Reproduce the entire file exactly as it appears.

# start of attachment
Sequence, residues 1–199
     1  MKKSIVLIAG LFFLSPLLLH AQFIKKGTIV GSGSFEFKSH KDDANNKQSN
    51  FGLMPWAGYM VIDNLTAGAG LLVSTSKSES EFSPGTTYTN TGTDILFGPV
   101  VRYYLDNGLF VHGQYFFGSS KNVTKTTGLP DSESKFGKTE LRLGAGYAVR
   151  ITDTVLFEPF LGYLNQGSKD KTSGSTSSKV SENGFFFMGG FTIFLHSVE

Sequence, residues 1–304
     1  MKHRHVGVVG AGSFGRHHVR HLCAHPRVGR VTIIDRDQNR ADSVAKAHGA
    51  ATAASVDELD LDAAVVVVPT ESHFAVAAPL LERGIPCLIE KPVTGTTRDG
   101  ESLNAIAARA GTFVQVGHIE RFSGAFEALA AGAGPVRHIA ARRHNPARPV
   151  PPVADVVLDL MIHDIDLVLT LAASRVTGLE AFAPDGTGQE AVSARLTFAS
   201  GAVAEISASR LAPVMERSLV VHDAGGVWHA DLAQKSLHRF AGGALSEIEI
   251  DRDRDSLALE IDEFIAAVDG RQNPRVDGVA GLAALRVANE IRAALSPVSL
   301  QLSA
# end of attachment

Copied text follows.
Sequence, residues 1–199
     1  MKKSIVLIAG LFFLSPLLLH AQFIKKGTIV GSGSFEFKSH KDDANNKQSN
    51  FGLMPWAGYM VIDNLTAGAG LLVSTSKSES EFSPGTTYTN TGTDILFGPV
   101  VRYYLDNGLF VHGQYFFGSS KNVTKTTGLP DSESKFGKTE LRLGAGYAVR
   151  ITDTVLFEPF LGYLNQGSKD KTSGSTSSKV SENGFFFMGG FTIFLHSVE

Sequence, residues 1–304
     1  MKHRHVGVVG AGSFGRHHVR HLCAHPRVGR VTIIDRDQNR ADSVAKAHGA
    51  ATAASVDELD LDAAVVVVPT ESHFAVAAPL LERGIPCLIE KPVTGTTRDG
   101  ESLNAIAARA GTFVQVGHIE RFSGAFEALA AGAGPVRHIA ARRHNPARPV
   151  PPVADVVLDL MIHDIDLVLT LAASRVTGLE AFAPDGTGQE AVSARLTFAS
   201  GAVAEISASR LAPVMERSLV VHDAGGVWHA DLAQKSLHRF AGGALSEIEI
   251  DRDRDSLALE IDEFIAAVDG RQNPRVDGVA GLAALRVANE IRAALSPVSL
   301  QLSA